The sub-zero club has welcomed its newest member: Greece

By 5 minute read

Only ten years ago Greece found itself at the epicenter of the European debt crisis. Now, the country has completed a spectacular comeback by issuing bonds at a negative yield.

Negative yielding debt – which long was deemed impossible – is a practical reality for investors all over the world. The pile of debt trading at negative yielding debt has grown to over 12tn USD, and the list of countries and companies being paid to borrow is growing. Now the "sub-zero club" has welcomed a remarkable new member: Greece. In October, the Greek government raised about 500 million from its auction of 13-week bills at a yield just below zero percent. The milestone caps Greece's extraordinary rehabilitation in the eyes of investors, and is a telling example of the widespread effects of the global search for yield.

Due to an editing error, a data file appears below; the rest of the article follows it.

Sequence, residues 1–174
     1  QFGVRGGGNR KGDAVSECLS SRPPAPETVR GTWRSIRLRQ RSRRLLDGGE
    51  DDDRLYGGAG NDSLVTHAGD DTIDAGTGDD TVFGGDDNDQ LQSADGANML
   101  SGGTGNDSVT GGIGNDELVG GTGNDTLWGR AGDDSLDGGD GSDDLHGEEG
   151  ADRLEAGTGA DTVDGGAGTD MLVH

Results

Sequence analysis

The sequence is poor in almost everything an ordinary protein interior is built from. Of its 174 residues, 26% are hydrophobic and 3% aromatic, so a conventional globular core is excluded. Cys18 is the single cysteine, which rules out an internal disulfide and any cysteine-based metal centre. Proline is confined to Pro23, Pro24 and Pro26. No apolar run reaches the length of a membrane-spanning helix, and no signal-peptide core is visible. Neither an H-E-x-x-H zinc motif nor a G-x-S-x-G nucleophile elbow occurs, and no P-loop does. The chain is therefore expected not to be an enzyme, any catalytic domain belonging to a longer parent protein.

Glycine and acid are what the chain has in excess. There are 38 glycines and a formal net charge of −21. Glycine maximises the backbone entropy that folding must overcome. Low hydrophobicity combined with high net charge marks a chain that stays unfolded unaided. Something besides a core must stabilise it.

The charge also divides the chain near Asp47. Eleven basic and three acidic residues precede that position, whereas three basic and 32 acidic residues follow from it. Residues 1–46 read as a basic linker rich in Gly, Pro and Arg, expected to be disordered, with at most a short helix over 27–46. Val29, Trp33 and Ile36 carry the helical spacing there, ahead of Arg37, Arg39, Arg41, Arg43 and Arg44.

Eurozone debt crisis

Greece has managed to exit its sovereign debt crisis , at least that's what the capital market is showing. Only years ago, Greece found itself at the epicentre of the Eurozone debt crisis. In 2009, Greece's budget deficit exceeded 15 percent of GDP and there was a serious risk that the country would default on its liabilities. The EU and the IMF provided an emergency package to fund the Greek government during this crisis. The IMF, EU and the ECB - also known as the Troika - imposed harsh austerity measures on the Greek economy. However, debt levels were unsustainable even with effective economic reforms. It became quickly apparent the austerity measures led to an unprecedented contraction of the economy. By 2012 the Greek economy had shrunk by over 20% from the 2008 level, and bond yields surged to crisis levels above 35%. In 2012 private bondholders agreed to a restructuring negotiated by the Troika, which reduced the value of their bonds to with more than 75%. By this time a large proportion of Greece's sovereign debt was owned by the IMF and the EU, which did not take an explicit haircut on the nominal value. Instead maturities were extended far into the future and interest payments were cut. This effectively further reduced the present value of Greece's debt load. This bailout of Greece was the biggest financial rescue of a bankrupt country in history.